Mastercard has launched a biometrics pilot to let consumers pay with the palm of their hand or with their face rather than swiping or tapping a credit card.
This is currently live in grocery stores in Brazil – but will begin roll out across the world this year. Mastercard says that “consumers love biometrics” and want payments to be “as convenient as opening their phone” but they already have this, because consumers can make mobile payments using their phone.
To sign up on Mastercard, you take a picture of your face or scan your fingerprint to register it with an app. This is done either on your smartphone or at a payment terminal. You can then add a credit card, which gets linked to your biometric data.
The old school civil libertarian in me has concerns. Facial recognition payments are already common in Moscow for public transportation and in grocery sores. Alipay in China does this already, too. Here’s Justin Timberlake paying in time credits rather than currency using his arm.
While you may have trust in Mastercard, no one is immune to data breaches. They say the biometric data is encrypted, but they plan global interoperability so their system may only be as secure as the most draconian government wants it to be.
Mastercard also plans to use this to market to you, “integrat[ing] with loyalty schemes and makping] personalized recommendations based on previous purchases.” They also think this unlocks payments in the metaverse, where no physical cards exist, and could allow customers to try on clothing prior to purchase making payments with their eyes.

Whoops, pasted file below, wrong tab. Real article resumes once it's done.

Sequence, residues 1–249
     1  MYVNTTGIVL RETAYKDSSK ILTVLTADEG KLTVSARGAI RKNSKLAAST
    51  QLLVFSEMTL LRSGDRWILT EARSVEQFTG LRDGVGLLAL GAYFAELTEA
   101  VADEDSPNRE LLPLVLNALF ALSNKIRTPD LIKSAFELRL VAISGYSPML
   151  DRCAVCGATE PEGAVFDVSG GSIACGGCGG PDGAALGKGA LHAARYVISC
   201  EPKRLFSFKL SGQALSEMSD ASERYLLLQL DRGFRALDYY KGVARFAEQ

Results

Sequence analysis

Mastercard showed off an augmented reality headset that warns the wearer if they’re on a potentially fraudulent e-commerce site. Another feature the firm is experimenting with allows users to select and buy items at a virtual store using nothing but their eyes.
When I signed up for Global Entry a decade ago I wrote that I didn’t like sharing biometrics, but government had so much information on us anyway it wasn’t clear that this really added that much. I wrote they were storing all cell phone geolocation data, before Edward Snowden’s revelations, and people thought I was a conspiracy theorist. I was right, and now we’re just immune to it.
I willingly give my biometrics to CLEAR in exchange for reducing wait times at airport security. And biometrics are being used at some airport boarding gates. It’s all optional but there’s often little meaningful opt-out, people aren’t told how to do it, and they’re inconvenienced if they do.
I’ve been Don Quixote, and we’ve reached the ‘night of the mirrors’ scene where I’m revealed to be just an old man yelling about biometrics – and not, in fact, a knight.